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Reasonable accommodation under ADA may be hard to define

There are times when an employee or job applicant is very qualified to perform the essential duties of a position but, due to a disability, cannot perform one or more duties adequately. For many, an adjustment of certain work conditions can readily allow them to adequately perform those main functions of the job.

Under certain conditions, an employer is legally obligated to make those adjustments so that the employee can do the job or keep the employment. The same is true with regard to the application process. There are times an employer must modify the application process to allow a person who has the qualifications to do the job, an accommodation so he can fulfill the application process and receive consideration for the position.

The federal Americans with Disabilities Act directs that certain disabled employees or job applicants have a right to a reasonable accommodation from the employer if it would not cause too much of a hardship on the employer. What is a reasonable accommodation may not be as cut and dried as one might expect.

Areas of accommodation

An employee or job applicant can request an accommodation in three areas, as follows:

  • Changes to the application process so the disabled applicant receives consideration for the job
  • Changes to the physical work surroundings or the manner in which a particular job is performed, that allow the disabled person to perform the fundamental tasks of the job
  • Changes that will allow a disabled employee to appreciate the benefits and privileges of employment as other non-disabled employees do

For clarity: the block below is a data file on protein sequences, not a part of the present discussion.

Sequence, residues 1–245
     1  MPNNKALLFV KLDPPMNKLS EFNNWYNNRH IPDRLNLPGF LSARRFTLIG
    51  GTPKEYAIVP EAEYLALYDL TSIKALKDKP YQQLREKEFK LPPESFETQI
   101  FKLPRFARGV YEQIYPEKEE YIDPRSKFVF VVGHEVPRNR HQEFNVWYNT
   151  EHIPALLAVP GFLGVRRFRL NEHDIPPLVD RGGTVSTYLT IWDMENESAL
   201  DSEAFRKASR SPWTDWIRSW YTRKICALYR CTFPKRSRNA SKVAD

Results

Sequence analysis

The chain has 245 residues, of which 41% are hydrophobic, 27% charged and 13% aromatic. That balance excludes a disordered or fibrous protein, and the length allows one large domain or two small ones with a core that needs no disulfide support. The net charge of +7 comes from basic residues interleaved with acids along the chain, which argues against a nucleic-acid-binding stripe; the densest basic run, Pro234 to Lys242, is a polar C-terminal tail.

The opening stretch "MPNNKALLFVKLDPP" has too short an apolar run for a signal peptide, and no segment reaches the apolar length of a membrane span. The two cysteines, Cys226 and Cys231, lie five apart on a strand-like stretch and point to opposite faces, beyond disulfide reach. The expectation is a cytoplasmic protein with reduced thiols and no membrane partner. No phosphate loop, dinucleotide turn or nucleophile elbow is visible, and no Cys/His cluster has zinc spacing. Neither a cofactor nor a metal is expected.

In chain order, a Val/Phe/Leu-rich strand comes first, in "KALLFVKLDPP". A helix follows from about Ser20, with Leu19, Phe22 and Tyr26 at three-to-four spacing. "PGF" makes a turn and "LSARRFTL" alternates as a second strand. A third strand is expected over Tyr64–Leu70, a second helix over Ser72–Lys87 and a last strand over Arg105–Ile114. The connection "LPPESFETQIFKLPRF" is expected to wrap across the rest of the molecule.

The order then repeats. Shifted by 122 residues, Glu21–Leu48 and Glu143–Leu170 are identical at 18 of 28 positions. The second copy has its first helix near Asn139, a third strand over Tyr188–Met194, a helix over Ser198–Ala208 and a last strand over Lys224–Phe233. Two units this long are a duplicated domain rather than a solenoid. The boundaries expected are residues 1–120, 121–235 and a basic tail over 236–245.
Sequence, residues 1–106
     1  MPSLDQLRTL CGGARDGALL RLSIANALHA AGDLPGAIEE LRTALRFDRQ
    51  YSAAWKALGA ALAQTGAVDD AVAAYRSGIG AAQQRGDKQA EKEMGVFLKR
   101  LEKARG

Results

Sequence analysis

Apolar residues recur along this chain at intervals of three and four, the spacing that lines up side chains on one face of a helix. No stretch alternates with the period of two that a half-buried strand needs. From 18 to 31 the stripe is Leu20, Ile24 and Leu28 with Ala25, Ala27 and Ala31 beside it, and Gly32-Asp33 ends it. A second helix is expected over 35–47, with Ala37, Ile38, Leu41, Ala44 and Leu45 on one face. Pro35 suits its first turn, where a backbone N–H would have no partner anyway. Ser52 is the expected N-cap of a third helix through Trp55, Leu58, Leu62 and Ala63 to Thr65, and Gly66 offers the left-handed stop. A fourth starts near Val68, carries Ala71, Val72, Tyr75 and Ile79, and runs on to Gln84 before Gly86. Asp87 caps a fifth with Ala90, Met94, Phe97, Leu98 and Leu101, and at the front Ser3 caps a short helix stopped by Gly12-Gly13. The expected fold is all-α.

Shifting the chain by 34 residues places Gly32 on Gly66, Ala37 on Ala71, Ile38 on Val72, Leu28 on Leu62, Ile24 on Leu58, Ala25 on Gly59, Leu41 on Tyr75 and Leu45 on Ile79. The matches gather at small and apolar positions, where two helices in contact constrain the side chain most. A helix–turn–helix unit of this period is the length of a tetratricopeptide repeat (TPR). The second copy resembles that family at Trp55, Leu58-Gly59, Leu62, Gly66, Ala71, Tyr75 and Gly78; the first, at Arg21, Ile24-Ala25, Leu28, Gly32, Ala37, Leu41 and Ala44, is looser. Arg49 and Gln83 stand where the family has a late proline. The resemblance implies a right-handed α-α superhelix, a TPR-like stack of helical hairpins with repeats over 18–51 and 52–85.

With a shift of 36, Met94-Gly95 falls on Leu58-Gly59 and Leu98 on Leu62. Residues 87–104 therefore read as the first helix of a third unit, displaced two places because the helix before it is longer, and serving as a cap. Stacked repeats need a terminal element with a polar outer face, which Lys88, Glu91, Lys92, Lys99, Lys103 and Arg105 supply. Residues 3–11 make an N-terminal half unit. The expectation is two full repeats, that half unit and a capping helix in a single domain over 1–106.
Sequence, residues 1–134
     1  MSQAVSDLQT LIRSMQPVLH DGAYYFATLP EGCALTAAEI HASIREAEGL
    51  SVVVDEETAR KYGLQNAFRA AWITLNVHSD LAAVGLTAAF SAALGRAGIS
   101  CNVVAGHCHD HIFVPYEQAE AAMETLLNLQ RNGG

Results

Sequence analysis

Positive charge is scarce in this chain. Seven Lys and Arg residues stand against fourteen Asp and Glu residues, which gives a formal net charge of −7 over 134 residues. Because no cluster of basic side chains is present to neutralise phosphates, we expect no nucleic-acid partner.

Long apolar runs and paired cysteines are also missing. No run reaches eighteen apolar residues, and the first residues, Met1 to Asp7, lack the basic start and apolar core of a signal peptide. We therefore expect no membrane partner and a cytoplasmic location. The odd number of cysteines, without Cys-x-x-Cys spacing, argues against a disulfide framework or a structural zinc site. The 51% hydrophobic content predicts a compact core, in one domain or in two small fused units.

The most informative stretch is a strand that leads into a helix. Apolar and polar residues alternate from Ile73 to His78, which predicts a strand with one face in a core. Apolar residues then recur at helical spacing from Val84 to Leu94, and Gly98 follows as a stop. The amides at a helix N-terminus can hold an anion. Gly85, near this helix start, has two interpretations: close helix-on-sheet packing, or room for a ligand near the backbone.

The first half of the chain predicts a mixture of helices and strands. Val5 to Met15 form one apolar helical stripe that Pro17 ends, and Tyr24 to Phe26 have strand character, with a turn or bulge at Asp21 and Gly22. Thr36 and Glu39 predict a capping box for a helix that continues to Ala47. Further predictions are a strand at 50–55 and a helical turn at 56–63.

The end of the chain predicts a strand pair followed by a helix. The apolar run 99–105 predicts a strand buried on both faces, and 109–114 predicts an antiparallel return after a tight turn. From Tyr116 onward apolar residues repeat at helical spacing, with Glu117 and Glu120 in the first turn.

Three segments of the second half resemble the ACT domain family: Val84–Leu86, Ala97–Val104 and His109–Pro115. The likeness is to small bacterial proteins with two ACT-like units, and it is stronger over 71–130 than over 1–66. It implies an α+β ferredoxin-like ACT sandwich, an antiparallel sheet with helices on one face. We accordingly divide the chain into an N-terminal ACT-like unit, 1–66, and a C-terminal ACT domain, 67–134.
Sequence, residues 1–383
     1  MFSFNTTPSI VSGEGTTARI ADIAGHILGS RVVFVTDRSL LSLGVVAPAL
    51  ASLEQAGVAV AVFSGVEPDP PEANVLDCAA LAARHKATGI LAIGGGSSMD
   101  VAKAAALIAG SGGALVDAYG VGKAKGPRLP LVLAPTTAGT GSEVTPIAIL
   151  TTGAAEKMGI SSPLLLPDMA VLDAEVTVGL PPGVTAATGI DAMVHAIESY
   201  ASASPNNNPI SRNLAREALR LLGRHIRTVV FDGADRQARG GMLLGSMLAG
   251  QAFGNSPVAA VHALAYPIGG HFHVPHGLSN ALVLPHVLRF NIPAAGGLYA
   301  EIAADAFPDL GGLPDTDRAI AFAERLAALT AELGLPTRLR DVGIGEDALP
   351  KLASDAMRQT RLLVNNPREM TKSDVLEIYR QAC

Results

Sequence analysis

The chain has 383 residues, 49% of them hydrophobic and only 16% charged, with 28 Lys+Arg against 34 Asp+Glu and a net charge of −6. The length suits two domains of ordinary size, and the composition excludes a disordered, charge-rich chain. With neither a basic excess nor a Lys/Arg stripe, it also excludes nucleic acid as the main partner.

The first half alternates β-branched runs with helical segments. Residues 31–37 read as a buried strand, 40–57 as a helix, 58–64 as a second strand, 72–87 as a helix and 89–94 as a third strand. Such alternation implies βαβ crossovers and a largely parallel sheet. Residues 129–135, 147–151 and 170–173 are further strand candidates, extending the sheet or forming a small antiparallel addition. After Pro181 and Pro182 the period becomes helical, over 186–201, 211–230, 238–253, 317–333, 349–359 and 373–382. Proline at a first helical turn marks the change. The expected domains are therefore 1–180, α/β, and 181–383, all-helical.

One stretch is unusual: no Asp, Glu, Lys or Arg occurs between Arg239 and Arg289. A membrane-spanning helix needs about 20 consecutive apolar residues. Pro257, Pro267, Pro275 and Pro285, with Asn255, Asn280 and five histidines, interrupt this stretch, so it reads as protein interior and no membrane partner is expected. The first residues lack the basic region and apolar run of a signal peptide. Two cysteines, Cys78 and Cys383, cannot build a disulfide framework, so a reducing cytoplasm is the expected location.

Reasonable accommodations take precedence, where appropriate, to both part-time and full-time employees. However, generally, the disabled person must advise the employer of his or her need.

Examples of reasonable accommodations

Some examples of what may be a reasonable accommodation include the following:

  • Making areas of the work environment more accessible for the employee
  • Modifying work schedule to better fit employee’s need
  • Modifying work machinery or equipment
  • Providing interpreters or readers

Whether the requested change is reasonable may depend on whether it appears to be possible. It must also be effective in assisting the needs of the employee. What may be a reasonable working accommodation for one employee, may not be an effective solution for another.

Further, it must also not create a hardship for the employer. A hardship may arise if the accommodation is very difficult or expensive relative to the resources and nature of the particular employer’s organization.

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